These are popularly collected U.S. coins. If you don’t find what you’re looking for, scroll down for more U.S. coin types. Also try our basic visual coin pricing guide for the most popular collected U.S. coins.

The Academy of Coins© has an easy, quick, low-cost coin grading service:

$5 Vintage U.S. Gold Coins

(1795 – 1929)
Around size of a nickel, up to quarter


$1 – $4 Small Vintage U.S. Gold Coins

(1796 – 1929)
Much smaller than a dime, up to a nickel


U.S. Nickels

(1866 – Present)
Slightly over 3/4 inch


Popular U.S. Type Coins

(1792 – 1889)


Popular Colonial & Post-Colonial Types

(1652 – 1830)


Some Popular Commemorative Coins

(1848 – Present)


Some Popular U.S. Medals & Tokens

(1781 – Present)


Popular Territorial Types

(1831 – 1945)

If you can’t find the coins you’re looking for, try our visual basic coin pricing guide for the most popular collected U.S. coins. Included on that page are:

  • Vintage U.S. Silver Dollars
  • Modern Bullion U.S. Coins
  • Large Vintage U.S. Gold Coins ($10 – $20)
  • U.S. Large Cents
  • Modern Copper-Nickel U.S. Dollars
  • U.S. Half Dollars
  • Modern Copper-Nickel U.S. Quarter Dollars
  • Silver U.S. Quarter Dollars
  • U.S. Dimes

Pictured on this page:
$1, $2.5, $3, $4 U.S. Gold Coins

Small U.S. Gold Coins are very popular with collectors. They have some bullion value, but many are prized as collectibles and have substantially more numismatic value than the bullion in them could ever be worth. Here, you’ll find Type 1, Type 2, and Type 3 U.S. Gold Dollars. Quarter Eagles ($2.5 Gold pieces) are also in this group, as are the beautiful $3 Gold pieces. The $4 Gold coins are the famous Stellas.

$5 Vintage U.S. Gold Coins

Half Eagles are some of the oldest U.S. Coins. the $5 Half Eagle has long been a staple of U.S. Currency until paper money took its place as a monetary instrument after the Civil War. All of the major varieties of Half Eagle, from Draped Bust Half Eagle to the incuse Indian Half Eagle are listed here.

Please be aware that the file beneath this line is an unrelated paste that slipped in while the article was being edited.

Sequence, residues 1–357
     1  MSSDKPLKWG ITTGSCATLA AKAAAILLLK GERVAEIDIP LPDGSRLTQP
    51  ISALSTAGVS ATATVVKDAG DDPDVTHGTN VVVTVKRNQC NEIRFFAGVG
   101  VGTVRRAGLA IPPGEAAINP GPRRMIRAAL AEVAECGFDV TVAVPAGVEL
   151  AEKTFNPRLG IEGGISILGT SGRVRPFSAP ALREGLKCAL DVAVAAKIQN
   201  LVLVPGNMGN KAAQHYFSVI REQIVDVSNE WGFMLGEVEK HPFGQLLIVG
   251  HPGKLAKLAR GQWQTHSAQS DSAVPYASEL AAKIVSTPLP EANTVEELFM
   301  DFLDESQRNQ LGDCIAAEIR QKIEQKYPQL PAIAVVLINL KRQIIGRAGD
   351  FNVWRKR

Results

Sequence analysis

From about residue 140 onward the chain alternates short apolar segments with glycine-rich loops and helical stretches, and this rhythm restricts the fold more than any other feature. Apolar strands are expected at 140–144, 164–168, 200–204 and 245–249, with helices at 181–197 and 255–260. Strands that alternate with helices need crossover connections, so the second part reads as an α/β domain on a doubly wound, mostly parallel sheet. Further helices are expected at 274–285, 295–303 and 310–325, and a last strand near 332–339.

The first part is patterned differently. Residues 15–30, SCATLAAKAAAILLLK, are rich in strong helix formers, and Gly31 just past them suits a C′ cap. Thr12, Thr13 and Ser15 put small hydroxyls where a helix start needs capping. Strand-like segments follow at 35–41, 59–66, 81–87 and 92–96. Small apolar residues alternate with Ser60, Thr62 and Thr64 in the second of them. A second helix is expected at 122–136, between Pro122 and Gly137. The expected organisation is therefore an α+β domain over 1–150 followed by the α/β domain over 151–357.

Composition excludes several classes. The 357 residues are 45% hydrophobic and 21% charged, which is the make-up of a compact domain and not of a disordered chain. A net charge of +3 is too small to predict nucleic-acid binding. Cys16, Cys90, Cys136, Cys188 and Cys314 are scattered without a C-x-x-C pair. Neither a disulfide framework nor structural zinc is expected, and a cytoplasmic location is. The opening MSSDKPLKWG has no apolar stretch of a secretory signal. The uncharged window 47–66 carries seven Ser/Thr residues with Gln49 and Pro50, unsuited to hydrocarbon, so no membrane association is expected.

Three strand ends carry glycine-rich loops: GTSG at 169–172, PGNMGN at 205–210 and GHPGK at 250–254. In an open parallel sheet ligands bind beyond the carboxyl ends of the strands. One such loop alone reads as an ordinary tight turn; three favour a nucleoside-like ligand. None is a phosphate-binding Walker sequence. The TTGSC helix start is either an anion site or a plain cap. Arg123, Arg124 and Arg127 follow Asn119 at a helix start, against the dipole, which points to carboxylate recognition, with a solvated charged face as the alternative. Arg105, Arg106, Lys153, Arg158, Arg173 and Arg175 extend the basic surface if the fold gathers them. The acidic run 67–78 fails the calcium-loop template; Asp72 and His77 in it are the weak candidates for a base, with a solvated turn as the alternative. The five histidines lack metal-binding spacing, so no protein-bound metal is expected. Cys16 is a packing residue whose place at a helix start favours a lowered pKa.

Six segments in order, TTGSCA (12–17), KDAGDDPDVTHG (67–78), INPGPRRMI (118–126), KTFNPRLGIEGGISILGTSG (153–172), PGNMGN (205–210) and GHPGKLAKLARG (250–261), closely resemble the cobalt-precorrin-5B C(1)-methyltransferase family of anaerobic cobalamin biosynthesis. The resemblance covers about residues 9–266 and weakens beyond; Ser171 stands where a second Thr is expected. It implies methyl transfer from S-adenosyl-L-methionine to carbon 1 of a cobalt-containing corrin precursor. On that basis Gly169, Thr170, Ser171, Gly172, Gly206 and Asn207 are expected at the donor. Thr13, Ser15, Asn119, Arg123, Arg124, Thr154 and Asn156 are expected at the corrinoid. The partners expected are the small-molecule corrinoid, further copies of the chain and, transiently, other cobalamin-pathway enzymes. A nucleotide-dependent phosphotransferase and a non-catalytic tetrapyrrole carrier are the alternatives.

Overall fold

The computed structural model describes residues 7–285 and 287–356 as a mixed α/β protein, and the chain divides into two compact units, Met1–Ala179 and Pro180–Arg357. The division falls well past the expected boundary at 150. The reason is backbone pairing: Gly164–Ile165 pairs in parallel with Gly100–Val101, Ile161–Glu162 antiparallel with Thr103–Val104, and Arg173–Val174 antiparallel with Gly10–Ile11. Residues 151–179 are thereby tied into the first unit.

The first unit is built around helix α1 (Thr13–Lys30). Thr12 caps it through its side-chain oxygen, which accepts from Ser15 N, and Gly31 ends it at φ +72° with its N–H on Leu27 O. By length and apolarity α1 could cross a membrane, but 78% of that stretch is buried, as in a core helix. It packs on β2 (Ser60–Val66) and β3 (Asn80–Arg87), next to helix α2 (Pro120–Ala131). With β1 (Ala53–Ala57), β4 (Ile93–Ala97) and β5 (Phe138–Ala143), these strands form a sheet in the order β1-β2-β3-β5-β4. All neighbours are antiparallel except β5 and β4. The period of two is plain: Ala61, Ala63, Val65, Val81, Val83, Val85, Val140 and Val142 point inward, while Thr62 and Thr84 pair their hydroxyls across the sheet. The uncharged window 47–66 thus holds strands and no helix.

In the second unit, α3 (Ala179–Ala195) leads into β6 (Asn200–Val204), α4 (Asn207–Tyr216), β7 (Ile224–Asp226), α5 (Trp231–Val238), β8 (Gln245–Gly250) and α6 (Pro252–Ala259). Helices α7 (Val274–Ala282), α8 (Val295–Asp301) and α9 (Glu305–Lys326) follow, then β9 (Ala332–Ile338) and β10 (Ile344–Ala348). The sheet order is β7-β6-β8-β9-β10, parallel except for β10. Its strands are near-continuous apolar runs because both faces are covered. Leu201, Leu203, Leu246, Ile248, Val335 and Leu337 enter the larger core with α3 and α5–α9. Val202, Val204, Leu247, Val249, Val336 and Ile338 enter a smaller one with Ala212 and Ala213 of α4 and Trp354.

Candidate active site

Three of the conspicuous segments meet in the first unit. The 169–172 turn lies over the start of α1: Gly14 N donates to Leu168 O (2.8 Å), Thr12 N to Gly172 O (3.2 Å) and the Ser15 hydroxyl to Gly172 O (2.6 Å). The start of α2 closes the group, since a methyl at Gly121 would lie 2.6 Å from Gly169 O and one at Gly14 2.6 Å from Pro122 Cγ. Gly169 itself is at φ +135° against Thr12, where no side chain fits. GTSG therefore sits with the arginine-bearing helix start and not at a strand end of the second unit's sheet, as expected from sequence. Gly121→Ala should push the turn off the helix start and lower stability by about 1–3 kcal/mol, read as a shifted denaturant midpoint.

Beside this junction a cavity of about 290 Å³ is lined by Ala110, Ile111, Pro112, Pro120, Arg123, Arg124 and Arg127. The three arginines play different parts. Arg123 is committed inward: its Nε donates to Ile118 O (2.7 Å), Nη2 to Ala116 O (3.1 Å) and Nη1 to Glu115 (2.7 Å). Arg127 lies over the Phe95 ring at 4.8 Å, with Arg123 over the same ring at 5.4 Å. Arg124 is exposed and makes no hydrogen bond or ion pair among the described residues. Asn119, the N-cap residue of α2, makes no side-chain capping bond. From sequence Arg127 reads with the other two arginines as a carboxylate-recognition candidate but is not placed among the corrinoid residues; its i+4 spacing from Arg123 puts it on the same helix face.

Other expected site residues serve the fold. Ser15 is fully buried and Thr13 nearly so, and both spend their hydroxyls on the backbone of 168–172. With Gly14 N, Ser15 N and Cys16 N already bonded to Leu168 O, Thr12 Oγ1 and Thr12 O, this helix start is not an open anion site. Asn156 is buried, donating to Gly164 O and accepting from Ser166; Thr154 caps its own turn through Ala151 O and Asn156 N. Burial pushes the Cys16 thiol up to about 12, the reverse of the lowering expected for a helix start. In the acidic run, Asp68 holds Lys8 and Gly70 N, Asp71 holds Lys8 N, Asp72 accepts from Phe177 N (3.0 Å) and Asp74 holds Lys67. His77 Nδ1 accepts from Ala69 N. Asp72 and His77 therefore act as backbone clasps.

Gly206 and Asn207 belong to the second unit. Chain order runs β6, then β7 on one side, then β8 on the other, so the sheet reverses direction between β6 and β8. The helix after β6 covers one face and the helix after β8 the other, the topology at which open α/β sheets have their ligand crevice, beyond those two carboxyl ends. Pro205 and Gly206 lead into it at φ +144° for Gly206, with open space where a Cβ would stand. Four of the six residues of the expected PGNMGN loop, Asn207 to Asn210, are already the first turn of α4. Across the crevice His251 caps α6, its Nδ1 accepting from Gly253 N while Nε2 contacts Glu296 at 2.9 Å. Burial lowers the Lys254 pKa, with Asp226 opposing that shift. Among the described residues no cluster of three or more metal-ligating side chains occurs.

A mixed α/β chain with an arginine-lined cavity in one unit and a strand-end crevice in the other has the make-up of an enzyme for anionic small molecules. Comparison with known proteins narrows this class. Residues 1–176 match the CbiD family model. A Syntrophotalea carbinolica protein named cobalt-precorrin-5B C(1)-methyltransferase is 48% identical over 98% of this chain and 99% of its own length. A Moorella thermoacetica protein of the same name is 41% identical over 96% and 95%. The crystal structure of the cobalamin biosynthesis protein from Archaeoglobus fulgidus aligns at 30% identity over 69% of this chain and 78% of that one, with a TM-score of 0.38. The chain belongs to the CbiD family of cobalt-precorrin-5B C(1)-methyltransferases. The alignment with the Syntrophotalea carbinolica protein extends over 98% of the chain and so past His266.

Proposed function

U.S. Nickels

Nickels are a very popular collectible coin – from Shield Nickels all the way to Jefferson Nickels. Everyone loves the famous Buffalo Nickel, and the Jefferson “War” Nickel, with its famous silver and manganese composition, are always a hit with collectors.

U.S. Type Coins

It’s hard to imagine a time when a half of a cent had value, but it certainly did. Until the small cent revolution of the late 1850s, Half Cents were a valuable piece in U.S. commerce. Before the Civil War, the U.S. Mints in Philadelphia and New Orleans began making 3-Cent Silvers, otherwise known as Trimes. These tiny coins worked alongside their 2-Cent Copper counterparts to make change for newfangled postage stamps. 3-Cent Silvers were made alongside and eventually gave way to 3-Cent Nickels. Like copper Half Cents, silver Half Dimes were made from the very beginning of the U.S. Mint. Half Dimes were redundant after 5-Cent Nickels became popular in commerce. And in a very strange twist, the U.S. Mints in Philadelphia, Carson City, and San Francisco all made Seated 20-Cent pieces. These were a great idea except that they looked and acted too much like the already incredibly silver Quarter Dollars. 20-Cents only lasted a few years.

Popular Colonial & Post-Colonial Types

Early America has its own coins with their own character. Massachusetts native John Hull made silver coins in Boston. During the colonial period in America, Britain, France and Spain all made coin specifically for use in the New World. As the Revolutionary uprising was taking hold, the nascent Continental Congress saw those enigmatic and mostly pewter Continental Dollars for a short period. Once the Revolution finished, the new United States of America needed its own coinage. Before it had a central mint, many States contracted with local private mints for coinage. Fugio Coppers, Connecticut Coppers, New Jersey Coppers exemplified coinage and circulated widely in the new United States until Congress established the Philadelphia Mint. These are just a few examples of this fascinating branch of U.S. numismatics.